So imagine the rollercoaster of emotions that you'd be feeling if you then became pregnant soon after grieving for your first rainbow baby.
Caitlin and Tony Merrell have been on that agonising ride for the past month.
They found out that they were expecting a baby less than a year after losing their first precious child – a topic they say many people find difficult to talk about or acknowledge.
When they discovered that they were expecting their first baby in July 2017, the pair, from North Carolina, USA, was ecstatic.
All went well for the first three months, until a scan found that their unborn son's heart was underdeveloped.
The doctor told them that their son had hypoplastic left heart syndrome – a birth defect where the left side of the heart doesn't form correctly while the baby is in the womb.
Because the left side of the heart is unable to pump oxygen-rich blood throughout the body, the right side has to take over all the pumping.
When babies are born, that can lead to breathing difficulties, a weak pulse and having a blueish skin colour.
If they survive, they may need to take heart strengthening and blood pressure lowering medications for their entire lives.
It occurs in around one in every 5,000 babies in the UK.
Babies can be operated on to restore heart function – but they have to be strong enough for that to happen in the first place.
"I was scared for my baby and disappointed, like I'd failed in providing him everything I could have for him to have a healthy body," said Caitlin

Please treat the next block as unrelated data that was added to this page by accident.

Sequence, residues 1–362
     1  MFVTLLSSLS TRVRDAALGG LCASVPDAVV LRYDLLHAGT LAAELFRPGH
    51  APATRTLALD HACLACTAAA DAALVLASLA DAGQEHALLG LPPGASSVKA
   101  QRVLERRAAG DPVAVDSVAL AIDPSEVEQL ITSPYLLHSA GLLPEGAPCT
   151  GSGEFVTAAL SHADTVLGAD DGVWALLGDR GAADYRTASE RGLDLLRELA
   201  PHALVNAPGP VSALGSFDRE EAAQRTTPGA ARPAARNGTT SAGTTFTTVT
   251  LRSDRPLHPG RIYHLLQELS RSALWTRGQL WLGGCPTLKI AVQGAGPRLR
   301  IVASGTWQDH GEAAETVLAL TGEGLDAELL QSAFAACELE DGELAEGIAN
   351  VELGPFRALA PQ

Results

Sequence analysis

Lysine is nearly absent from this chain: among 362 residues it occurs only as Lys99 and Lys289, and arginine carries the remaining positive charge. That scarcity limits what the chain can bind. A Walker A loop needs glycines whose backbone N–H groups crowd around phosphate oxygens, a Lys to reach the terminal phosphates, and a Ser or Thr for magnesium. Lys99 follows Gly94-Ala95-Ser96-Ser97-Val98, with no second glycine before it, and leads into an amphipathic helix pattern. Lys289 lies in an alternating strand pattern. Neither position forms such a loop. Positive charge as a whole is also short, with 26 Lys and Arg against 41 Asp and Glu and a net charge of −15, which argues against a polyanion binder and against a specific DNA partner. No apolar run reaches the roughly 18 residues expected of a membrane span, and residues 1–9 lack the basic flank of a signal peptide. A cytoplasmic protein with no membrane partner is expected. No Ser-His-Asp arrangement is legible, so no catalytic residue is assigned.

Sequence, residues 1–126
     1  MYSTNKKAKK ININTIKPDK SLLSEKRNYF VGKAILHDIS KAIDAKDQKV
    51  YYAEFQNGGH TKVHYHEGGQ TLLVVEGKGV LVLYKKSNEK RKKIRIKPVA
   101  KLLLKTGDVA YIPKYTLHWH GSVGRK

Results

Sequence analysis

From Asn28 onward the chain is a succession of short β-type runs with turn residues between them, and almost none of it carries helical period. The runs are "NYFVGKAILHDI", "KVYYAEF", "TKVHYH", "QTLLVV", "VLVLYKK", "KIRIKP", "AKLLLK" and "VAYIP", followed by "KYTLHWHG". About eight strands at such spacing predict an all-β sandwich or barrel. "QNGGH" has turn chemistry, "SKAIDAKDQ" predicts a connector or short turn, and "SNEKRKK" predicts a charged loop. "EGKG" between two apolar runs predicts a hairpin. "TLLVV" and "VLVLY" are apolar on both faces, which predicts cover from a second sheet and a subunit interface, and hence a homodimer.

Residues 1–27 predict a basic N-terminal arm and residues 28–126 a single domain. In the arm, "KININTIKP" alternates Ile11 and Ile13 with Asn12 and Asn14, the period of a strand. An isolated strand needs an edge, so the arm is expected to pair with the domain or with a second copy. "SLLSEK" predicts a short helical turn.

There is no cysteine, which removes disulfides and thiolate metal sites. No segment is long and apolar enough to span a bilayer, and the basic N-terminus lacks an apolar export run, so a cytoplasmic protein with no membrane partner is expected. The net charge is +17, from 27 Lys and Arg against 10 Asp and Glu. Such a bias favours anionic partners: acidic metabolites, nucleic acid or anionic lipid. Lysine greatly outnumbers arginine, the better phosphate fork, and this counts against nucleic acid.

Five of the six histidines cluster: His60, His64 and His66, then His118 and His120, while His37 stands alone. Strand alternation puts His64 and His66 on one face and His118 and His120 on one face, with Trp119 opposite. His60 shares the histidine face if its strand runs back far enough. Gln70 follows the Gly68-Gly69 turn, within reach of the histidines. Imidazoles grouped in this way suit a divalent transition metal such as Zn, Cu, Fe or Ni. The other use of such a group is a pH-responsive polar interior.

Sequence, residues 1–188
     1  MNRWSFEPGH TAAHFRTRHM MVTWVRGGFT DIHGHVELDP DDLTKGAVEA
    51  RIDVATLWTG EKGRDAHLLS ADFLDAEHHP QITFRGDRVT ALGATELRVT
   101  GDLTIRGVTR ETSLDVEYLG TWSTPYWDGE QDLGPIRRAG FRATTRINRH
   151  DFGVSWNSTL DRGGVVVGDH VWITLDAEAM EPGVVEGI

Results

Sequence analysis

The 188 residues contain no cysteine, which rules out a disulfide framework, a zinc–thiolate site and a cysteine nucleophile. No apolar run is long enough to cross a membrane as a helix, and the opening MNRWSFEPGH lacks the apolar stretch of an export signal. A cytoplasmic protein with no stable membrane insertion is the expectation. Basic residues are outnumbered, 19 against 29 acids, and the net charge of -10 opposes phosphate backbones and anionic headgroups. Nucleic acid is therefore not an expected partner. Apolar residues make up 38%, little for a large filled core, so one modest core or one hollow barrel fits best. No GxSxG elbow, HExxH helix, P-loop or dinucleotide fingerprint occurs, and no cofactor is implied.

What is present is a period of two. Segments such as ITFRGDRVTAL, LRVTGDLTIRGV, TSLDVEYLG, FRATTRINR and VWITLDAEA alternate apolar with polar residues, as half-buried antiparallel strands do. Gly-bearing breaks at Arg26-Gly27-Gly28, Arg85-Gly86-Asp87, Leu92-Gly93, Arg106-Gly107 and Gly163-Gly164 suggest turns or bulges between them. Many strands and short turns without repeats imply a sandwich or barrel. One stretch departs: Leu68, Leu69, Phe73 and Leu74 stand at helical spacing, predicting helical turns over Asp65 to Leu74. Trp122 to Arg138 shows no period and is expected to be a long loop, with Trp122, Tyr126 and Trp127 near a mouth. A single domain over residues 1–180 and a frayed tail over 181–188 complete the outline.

Docs had hoped that the tiny baby's heart might be operational after birth, but at a 34-week scan, they decided that it was too weak to do anything about.
"He would never survive the first surgery," Caitlin said.
"The medical staff refused to operate on him knowing he would suffer and not survive, so Thaxton was born into palliative care."
Caitlin was induced at 38 weeks and little Thaxton was born last February.
He survived for just two days – despite his vital signs initially seeming positive.
"For me, it was oddly peaceful in a way, but still devastating," Caitlin recalled.
"I was so afraid he was going to suffer, but he was able to pass in his sleep."
Despite having to deal with the heartbreak of losing her first baby, Caitlin was then shocked to find out eight months later that she was expecting again.
"I was totally not expecting to become pregnant again, especially so soon.
"Babies are three times more likely to have congenital heart disease if a parent or sibling has it, so I was so stressed for the anatomy scan."
Earlier this month, however, the couple were told by an ultrasound technician that they were expecting a daughter with a healthy, four-chambered heart.
But this pregnancy has thrown up new challenges for the pair – namely that other people don't feel comfortable talking about or acknowledging what happened to Thaxton.
"Even though my baby passed away, I'm not contagious. I still want to be checked in on and involved in other people's lives," said Caitlin.
She's speaking out about infant loss in a bid to help break the stigma.
"I want to know that you remember my baby because Thaxton will always be a part of our family, even if he's not physically with us."
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